ORLANDO, Fla. – Midway through her post-round interview, the timid, soft-spoken Annie Park was interrupted by a deep, ominous voice from across the cart lot.
The 16-year-old Park spun around to see tiny Rachel Dai, a fellow competitor who had just heard that Park’s win at the Golfweek Junior Invitational was now official. The reaction was appropriate, as Park was in her own class this weekend in Orlando, closing in 4-under 68 to claim a four-shot win at Shingle Creek on Sunday.
Starting on the easier back nine, Park went out in even-par 36, but she birdied four of the front nine’s opening five holes (Nos. 1, 2, 4 and 5) before making pars at the final four. Park finished four shots ahead of Laura Restrepo (74-70) of Panama and Samantha Marks (74-70) of Maitland, Fla. Dai and Rinko Mitsunaga finished T-4 at 145, while Nelly Korda, 13-year-old sister of Jessica Korda, was among a group of players at 146.
“I don’t want to say my putting was better, but I did make more long putts for birdies,” said Park, who earlier this year was a semifinalist at the Women’s Amateur Public Links. “I hit a lot more greens today than yesterday.”
The improved ballstriking is more of an accomplishment than it might seem for Park – who is only a week into using a new set of irons (Ping Ansers).
“We got snow last week in New York, so I had no idea what my distances with these clubs were,” said Park, of Levittown, N.Y.
Park works with instructor Sean Foley and said the two of them have focused most this year on her backswing and impact position.
“That’s why I was hitting it all over yesterday,” she said with a laugh. While her ballstriking is on the way up, the real difference in her game has been her putting.
“Last year, I was struggling so much with my putting and my ranking just plummeted,” said Park, who is taking unofficial visits to Duke and Vanderbilt. “I had two putters at the beginning of this year, but I took one out finally because I didn’t like it. It’s starting to get better now.”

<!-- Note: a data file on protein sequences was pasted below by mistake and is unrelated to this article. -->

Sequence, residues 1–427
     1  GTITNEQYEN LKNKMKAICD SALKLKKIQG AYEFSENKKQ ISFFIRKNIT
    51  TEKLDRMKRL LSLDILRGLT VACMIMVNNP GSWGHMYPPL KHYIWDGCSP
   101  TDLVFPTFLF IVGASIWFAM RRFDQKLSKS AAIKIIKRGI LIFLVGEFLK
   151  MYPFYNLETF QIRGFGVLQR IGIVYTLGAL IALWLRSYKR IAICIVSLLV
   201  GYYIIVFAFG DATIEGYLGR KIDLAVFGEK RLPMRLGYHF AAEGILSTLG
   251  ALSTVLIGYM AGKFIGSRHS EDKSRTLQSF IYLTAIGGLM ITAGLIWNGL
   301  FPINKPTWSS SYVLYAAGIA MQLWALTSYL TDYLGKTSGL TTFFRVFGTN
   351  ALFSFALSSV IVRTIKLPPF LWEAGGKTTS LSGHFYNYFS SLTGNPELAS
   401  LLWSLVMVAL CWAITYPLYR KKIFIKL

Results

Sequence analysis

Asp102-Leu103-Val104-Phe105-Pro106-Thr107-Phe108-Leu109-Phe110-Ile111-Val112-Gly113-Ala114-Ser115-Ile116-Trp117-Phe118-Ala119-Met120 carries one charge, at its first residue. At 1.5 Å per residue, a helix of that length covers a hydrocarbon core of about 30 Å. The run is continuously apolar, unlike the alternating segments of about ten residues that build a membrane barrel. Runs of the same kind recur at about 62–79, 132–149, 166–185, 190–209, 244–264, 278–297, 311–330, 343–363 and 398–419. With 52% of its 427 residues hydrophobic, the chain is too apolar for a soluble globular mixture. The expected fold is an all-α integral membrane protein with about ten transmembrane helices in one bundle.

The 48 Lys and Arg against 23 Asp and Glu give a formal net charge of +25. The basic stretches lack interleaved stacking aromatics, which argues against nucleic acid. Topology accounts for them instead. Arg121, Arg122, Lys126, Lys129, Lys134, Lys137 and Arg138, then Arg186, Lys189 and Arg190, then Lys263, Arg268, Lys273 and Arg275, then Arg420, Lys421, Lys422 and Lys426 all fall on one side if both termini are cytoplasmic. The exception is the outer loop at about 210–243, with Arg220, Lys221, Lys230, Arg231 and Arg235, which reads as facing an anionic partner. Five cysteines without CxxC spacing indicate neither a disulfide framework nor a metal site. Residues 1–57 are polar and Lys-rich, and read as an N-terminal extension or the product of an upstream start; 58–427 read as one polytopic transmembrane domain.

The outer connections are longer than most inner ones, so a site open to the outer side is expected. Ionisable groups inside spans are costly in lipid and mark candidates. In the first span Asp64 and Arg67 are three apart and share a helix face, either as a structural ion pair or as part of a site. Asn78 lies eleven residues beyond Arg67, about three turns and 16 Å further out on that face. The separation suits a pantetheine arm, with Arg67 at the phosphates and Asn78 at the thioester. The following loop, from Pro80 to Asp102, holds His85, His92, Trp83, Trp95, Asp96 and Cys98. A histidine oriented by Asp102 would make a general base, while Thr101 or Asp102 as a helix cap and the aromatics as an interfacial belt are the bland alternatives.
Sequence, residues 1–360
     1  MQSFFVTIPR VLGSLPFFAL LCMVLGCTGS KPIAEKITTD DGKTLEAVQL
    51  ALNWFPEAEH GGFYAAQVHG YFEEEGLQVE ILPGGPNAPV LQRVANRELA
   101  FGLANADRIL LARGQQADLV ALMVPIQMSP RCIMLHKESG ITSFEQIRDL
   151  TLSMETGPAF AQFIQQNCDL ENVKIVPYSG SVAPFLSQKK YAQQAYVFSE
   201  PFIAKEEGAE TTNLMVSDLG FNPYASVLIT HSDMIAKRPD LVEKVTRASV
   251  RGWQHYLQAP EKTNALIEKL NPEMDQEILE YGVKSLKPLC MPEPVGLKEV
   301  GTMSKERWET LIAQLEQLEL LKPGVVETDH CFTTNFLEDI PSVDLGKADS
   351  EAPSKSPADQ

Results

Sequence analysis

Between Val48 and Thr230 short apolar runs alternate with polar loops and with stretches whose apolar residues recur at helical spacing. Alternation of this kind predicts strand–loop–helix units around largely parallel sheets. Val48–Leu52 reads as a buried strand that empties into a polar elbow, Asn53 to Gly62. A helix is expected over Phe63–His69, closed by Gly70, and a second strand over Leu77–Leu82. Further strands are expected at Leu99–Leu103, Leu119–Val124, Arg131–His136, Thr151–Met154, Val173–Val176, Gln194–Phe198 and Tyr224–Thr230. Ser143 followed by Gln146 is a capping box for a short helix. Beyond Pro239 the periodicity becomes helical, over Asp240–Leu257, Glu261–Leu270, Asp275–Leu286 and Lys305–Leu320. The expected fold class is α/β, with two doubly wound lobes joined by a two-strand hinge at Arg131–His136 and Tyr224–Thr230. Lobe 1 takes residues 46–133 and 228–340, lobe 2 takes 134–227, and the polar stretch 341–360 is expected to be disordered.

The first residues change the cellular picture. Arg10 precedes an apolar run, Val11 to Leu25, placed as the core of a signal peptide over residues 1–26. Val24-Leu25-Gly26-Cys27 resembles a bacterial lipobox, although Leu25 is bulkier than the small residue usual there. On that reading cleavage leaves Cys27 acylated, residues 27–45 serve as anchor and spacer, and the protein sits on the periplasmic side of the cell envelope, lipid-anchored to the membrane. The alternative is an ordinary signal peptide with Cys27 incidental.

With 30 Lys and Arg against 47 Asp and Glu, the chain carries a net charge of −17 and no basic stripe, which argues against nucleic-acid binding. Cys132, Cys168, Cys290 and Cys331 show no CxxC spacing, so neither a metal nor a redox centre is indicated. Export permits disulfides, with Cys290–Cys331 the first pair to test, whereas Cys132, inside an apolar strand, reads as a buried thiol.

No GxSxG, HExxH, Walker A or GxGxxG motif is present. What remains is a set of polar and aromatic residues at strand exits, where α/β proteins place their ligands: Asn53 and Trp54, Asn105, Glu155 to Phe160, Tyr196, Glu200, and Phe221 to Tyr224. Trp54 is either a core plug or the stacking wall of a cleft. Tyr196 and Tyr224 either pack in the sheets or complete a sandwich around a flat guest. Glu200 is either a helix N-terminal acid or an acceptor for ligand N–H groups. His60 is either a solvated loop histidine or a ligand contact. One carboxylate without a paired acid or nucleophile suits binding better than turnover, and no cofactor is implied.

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James Yoon, 18, can attest to just how important mental strength is to the game of golf.
Yoon, who closed with a flawless 5-under 67 to claim a four-shot win at Shingle Creek, said he’s had a tough time adjusting to the premier levels of junior golf. That’s where his mental coach came in.
“It took two years before I was comfortable out here,” Yoon said, “but I believe in myself now. I feel like I belong out here, rather than just playing for a top-10. I feel like I’m becoming one of the top players.”
Yoon attends the IMG Academy in Bradenton, Fla., and has been working with Christian Smith and Nathan Bertsch since his former coach, David Madras, left the academy.
“They made me believe that I’m a better player,” Yoon said. “Even when I’m not playing my best, I now believe that I should be shooting under par and it’s really helping.”
Making three birdies and an eagle at No. 12, Yoon finished four shots ahead of Lee McCoy and Johan Werge Sunday to earn his first victory since the Scott Robertson Memorial in May.
McCoy, the runner-up at the AJGA’s Rolex Tournament of Champions, had the round of the day – a seven-birdie 66 that included four straight birdies.
“I play my best golf when I’m really calm and I just had that feeling today,” said McCoy, a Georgia commit. “Everything just felt real loose and in control. On holes nine through 12 (all birdies), my average length of putt was probably 2 feet. It was just tap-ins. It was fun.”